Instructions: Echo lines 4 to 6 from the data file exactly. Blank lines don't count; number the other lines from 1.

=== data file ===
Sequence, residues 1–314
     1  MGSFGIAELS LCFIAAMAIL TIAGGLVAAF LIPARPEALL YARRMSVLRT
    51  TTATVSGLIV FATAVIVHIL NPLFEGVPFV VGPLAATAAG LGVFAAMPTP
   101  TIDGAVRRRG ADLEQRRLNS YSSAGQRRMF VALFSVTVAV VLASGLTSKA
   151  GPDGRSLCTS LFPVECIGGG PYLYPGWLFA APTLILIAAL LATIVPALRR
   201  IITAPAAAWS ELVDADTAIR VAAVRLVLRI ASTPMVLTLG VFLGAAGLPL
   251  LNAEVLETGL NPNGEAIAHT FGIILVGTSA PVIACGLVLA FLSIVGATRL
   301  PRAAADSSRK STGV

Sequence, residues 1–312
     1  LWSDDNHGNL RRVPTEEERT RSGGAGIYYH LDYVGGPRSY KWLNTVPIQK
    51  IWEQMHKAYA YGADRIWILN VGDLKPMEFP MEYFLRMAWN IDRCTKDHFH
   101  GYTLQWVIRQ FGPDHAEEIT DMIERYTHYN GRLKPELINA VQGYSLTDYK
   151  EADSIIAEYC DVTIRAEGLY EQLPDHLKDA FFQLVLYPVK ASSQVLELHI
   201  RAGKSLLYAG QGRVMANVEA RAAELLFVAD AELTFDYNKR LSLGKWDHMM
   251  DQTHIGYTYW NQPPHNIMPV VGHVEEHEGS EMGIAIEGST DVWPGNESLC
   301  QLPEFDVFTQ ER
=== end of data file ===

   101  TIDGAVRRRG ADLEQRRLNS YSSAGQRRMF VALFSVTVAV VLASGLTSKA
   151  GPDGRSLCTS LFPVECIGGG PYLYPGWLFA APTLILIAAL LATIVPALRR
   201  IITAPAAAWS ELVDADTAIR VAAVRLVLRI ASTPMVLTLG VFLGAAGLPL